To give you a flair of how daunting a task it is to understand the Kiwis, here is a little guide in the form of a ABC... A song that is now becoming a true earworm.


The Saturday Shot #19: gnomes and gravels

Gnome attack

For this weekend contribution, it was hard to avoid making any reference to this week's events in the street of London. I felt thus this picture was perfect: a bunch of hooded gnomes on gravels...

A few times in the past I mentioned that the UK was more and more looking like France, with its too numerous French residents (London is the 7th French city in the world), its growing number of public transportation strikes, its sporting failures... And the riots of last few days can only confirm this trend.

In an earlier article, written on the back of Justice's video clip "Stress", I mentioned the situation in the Parisian suburbs and it is chilling to see the similarity with the current situation in Great Britain. A few differences though: when such events occur on the other side of Channel, the French thugs rampage their own neighborhood instead of moving to the commercial areas which is something that has always puzzled me, especially when they pretend to do that to demonstrate against the disastrous conditions in which they live (and don't get me wrong, they do). Motivations are similar but there are cultural/ethnic underlying drivers to their acts, whilst in the UK this driver is social class...

Different name, different context, different causes yet same symptoms. The youngsters aspire to be more than they can expect to be and see their social background as an inhibitor. Shortcuts to success is seen as a social lift, irrespective of their legal aspects.

This reminded me of a tune by French rap band, IAM. It is called Petit Frere (Little Brother). The original text can be read here, but I loosely attempted to translate an excerpt from this song:


Journalists set trends. Violence at school existed already
Back in my time: rackets, brawls, rampage,
A bat swinging in the windshield of the teacher car
A cutter kicks in and here is a scar

But covering them in the every evening news makes it banal
It is printed in the retina as normal
And if little brother wants to be talked about
He reiterates what he saw in the 9 o'clock news

Shit, in 1980's these were just acts,
But these journalists have turned them into matter of facts
And I don't think that Little Brother is worse than before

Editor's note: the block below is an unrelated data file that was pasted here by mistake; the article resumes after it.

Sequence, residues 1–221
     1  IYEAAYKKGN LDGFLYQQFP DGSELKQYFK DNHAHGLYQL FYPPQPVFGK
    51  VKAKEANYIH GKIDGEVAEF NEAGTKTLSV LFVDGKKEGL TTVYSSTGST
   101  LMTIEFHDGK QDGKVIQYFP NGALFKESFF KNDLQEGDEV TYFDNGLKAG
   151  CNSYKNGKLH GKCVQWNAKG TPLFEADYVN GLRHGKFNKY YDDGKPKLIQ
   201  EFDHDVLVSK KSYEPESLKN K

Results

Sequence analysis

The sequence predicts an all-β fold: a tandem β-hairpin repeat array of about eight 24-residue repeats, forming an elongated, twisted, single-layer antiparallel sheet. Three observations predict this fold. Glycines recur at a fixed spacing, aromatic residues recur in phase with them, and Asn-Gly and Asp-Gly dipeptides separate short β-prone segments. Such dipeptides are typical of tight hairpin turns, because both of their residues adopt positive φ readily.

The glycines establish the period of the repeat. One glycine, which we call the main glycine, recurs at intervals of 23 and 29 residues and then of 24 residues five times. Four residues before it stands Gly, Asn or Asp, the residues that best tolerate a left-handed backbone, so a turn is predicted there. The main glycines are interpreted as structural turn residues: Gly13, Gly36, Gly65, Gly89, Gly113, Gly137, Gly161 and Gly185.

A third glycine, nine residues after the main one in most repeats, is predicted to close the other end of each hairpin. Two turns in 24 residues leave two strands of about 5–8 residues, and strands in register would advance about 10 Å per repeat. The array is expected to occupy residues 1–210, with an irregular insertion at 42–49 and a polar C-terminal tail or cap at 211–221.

Just overexposed to advertising, to violent chore

For adults, kids are the best lemon
The target number 1, a field for consumer goods
And to be sure that he gets some
Little Brother hangs around with a gun by his side

We know who you are when we see what you own
Little Brother knows that and keeps it in mind
Money would open doors to a shiny blue sky
As easily as his screwdriver opens cars.

High standing is all he aspires to
It simply feels better when you wear Giorgio Armani
Concerned about the others' glances
In spite of his young age, Little Brother smokes to look older



A mountain dweller in the valley of Kerry

Just back from a week of holiday in the beautiful Ireland, and thought that I would jot down my thoughts from my encounter with the backcountry. I have indeed been a few times in Dublin, but that was the first time I was really going into the deeper countryside, namely the Ring of Kerry. But I am very conscious that this part of Ireland is not Ireland as a whole, and that the following comments refered to as "Irish" facts may not be as representative as I may want to imply. So I hope that the Irish readers of these lines will excuse my cliches... (They are said to be feisty, so I have no intention to get into trouble!)

The drenched Emerald

One of the first things that struck me when I looked back at my 200+ pictures was the green-dominated hue of the portfolio. Nicknamed the Emerald Isle, Ireland has certainly not usurped its reputation. Green fields, green mountains, green signs... Pretty much everything blends in that tint. In fact probably the only thing that denote is the sky... Blue, sometimes, but most of the time loaded with threatening clouds. And like the Irish fighting reputation, these clouds do not pretend, they hold to their promise. When it starts raining, well, it certainly rains like crazy.

These pictures were taken on the same location, within two days. And to put things into perspective what you are seeing here is the Gap of Dunloe's wishing bridge. We are over 200m over sea level, very close to the top of the surrounding mountains and in the middle of July. So the flooding cannot be attributed to the convergence of numerous rivers, boosted by melting snows, as you may encounter in the Alps at Spring. No, here you have tiny improvised streams, pouring down rocks bathed by continuous rain showers, that simply flood the equally tiny gap.